A couple unite - she is fluent in the crane style of kung fu, he in tiger style. They have a son, but the boy's father is killed by the evil eunuch Bai Mei. Disguised as a girl, his mom ... See full summary »
Yuan Ying Fei is the descendant of the one known as Golden Sword and himself is a master of the technique as well as being boss of the town. He is so a cruel man and has killed his sparring... See full summary »
The cast of The 14 Amazons is a veritable "who's who" of the golden age of Shaw Brothers swordplay adventures, and was not only a major box office hit (ranking 4th for 1972), but also a top... See full summary »
A Kung Fu master finds out that an opium den is destroying the lives of the town he lives in, and vows to put an end to the den, but first he must try to defeat the strongest enemy he has ever faced: his addiction to the drug itself.
International favorite, David Chiang, stars as the great Chih Shim, the monk who saved the Southern Shaolin Temple. Joining him is Lo Lieh, the Shaws' first international star who returns ... See full summary »
Gordon Liu Chia-hui reprises his famous Monk San Te role as he tries to support and protect Shaolin her Fang Shih-yu who purposely attacks corrupt Ching officials. Fights by legendary action director Liu Chia-liang are to die for.
The Black Tavern - another under-appreciated SB classic
This was the best Shaw Brothers film I've seen in awhile. When Celestial started remastering and releasing the Shaw catalog they pretty much covered the "classics" in the first couple years, so nowadays the releases don't have so much notoriety. Or maybe they just aren't as good...but The Black Tavern bucks a recent trend of good but non-essential releases. This is about as essential as Intimate Confessions of a Chinese Courtesan, or Boxer from Shantung, but without the stars, except for a brilliant Ku Feng. Basically the plot revolves around the impending arrival of a box of treasure to the "black tavern" (actually it's never referred to as such) and the various gangs of thieves who plot to ambush it upon its arrival. The cool part of this film is that there is no "shining knight", in fact no good guy at all, for the bulk of the film. Each of the thieves have their own charm and Ku Feng plays the most intriguing (and most dangerous) of them all. Most of the film is about the gangs fighting against each other, allying with one another, and betraying one another.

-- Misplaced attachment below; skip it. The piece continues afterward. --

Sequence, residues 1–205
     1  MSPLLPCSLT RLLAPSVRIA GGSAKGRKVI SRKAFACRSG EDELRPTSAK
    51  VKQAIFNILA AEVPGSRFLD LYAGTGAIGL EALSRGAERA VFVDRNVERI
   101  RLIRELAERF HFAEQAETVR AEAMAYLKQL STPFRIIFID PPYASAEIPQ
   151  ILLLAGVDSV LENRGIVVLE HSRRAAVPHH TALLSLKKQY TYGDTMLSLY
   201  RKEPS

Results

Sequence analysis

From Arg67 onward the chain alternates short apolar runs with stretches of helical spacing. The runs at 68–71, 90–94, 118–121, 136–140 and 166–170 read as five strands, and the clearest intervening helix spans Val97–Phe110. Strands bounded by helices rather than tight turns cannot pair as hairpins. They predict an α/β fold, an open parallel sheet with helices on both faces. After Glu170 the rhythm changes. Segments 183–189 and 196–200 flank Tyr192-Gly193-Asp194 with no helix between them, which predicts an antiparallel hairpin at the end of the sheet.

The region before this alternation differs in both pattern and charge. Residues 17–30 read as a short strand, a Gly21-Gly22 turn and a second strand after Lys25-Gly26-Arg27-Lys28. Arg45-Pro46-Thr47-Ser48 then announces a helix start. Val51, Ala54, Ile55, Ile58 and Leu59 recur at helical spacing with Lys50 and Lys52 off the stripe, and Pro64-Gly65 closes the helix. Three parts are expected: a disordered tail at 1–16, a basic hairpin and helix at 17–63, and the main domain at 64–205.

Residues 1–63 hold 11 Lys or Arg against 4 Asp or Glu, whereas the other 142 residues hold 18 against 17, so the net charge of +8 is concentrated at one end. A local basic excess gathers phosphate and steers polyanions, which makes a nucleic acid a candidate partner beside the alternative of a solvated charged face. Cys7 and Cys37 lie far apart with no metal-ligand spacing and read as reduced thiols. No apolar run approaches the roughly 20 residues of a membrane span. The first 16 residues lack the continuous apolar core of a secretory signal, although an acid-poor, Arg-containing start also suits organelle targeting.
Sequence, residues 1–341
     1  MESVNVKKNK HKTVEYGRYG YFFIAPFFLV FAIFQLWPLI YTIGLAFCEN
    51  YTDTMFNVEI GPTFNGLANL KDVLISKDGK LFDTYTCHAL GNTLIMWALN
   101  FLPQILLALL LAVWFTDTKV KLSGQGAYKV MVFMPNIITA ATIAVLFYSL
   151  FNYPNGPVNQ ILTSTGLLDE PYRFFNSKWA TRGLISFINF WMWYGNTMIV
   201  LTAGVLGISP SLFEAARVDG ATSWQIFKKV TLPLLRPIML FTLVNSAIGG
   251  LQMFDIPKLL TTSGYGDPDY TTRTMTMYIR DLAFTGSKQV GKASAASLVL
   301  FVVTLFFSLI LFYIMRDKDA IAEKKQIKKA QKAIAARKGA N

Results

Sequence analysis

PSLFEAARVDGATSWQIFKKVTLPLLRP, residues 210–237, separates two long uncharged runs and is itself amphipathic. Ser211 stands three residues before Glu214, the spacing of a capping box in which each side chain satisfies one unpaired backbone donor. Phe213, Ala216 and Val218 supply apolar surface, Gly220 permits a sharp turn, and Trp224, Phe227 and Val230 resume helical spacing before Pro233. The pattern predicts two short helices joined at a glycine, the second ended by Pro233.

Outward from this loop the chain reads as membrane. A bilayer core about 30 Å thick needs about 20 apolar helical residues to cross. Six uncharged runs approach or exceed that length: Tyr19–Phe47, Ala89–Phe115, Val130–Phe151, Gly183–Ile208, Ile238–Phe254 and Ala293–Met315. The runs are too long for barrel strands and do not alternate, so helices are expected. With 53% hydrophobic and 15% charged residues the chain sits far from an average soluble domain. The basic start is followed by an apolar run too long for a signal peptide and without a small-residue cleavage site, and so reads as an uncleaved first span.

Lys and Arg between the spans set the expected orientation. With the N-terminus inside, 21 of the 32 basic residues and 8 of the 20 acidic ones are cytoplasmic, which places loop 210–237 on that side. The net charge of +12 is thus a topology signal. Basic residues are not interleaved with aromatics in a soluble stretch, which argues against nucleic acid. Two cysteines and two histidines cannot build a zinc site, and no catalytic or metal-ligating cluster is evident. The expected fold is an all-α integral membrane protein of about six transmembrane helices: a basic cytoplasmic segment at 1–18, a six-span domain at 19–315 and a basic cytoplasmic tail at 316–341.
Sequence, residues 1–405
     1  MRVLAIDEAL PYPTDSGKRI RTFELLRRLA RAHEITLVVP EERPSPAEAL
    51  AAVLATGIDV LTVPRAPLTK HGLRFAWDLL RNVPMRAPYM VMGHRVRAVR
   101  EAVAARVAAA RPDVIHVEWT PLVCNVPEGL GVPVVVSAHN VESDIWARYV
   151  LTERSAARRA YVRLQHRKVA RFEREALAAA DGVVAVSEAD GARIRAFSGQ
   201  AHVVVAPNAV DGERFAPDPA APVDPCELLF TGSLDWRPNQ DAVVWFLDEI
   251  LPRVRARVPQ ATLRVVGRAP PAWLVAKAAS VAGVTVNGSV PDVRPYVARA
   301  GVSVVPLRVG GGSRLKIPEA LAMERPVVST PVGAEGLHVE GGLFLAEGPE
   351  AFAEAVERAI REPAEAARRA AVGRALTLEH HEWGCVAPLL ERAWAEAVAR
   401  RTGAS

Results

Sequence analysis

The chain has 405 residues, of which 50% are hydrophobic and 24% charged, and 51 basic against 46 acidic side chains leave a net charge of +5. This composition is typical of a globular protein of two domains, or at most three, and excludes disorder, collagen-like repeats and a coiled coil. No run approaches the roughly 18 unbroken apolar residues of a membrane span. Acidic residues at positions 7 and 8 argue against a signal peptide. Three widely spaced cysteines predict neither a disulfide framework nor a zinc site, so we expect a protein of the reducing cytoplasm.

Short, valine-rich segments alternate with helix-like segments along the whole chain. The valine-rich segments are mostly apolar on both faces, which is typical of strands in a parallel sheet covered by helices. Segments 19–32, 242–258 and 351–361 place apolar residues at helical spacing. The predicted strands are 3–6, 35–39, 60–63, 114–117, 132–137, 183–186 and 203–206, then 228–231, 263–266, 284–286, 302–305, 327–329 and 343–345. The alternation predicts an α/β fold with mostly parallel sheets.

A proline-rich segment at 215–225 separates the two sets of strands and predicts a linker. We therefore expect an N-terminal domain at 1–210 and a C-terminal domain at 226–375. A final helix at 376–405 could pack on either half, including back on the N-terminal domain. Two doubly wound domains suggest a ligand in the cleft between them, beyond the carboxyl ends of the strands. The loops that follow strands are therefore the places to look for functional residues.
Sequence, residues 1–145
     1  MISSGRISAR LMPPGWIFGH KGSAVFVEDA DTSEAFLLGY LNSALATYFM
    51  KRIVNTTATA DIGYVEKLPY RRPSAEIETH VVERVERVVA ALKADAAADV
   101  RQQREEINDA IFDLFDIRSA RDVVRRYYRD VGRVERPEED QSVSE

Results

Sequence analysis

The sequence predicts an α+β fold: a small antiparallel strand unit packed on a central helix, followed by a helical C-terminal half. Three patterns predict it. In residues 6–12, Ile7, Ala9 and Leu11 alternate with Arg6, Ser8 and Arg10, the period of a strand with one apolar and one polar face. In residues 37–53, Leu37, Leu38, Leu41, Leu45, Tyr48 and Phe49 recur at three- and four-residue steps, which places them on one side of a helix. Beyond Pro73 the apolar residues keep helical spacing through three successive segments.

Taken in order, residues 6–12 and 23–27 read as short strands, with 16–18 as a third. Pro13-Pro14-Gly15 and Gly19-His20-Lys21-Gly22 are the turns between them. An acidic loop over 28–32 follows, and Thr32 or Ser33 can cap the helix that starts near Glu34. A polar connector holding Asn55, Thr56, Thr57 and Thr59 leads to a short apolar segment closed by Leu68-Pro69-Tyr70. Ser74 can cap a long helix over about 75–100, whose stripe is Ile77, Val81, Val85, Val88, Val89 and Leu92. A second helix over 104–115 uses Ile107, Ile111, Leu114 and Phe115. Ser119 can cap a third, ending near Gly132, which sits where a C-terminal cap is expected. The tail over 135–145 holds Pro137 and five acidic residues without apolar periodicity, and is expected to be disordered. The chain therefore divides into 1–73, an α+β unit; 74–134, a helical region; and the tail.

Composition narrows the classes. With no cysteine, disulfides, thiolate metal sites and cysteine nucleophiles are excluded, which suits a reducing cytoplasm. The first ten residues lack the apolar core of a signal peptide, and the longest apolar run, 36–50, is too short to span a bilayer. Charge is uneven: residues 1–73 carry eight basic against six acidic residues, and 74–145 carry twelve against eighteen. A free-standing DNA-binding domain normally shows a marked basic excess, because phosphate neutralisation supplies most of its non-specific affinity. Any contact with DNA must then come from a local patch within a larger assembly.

The thing that adds yet one more star to an already excellent narrative is the above average swordplay. There is a bit of under-cranking, but not too noticeable if you didn't know what to look for. The final fight was absolutely brutal as well. The film is jam-packed with action but it seemed like that last fight lasted 20 minutes or something - great stuff and definitely up there with early Chang Cheh. Anyways if you're tired of revenge-themed "You killed my master/Stole my sword!" wuxia films, this is a nice and highly entertaining change of pace.
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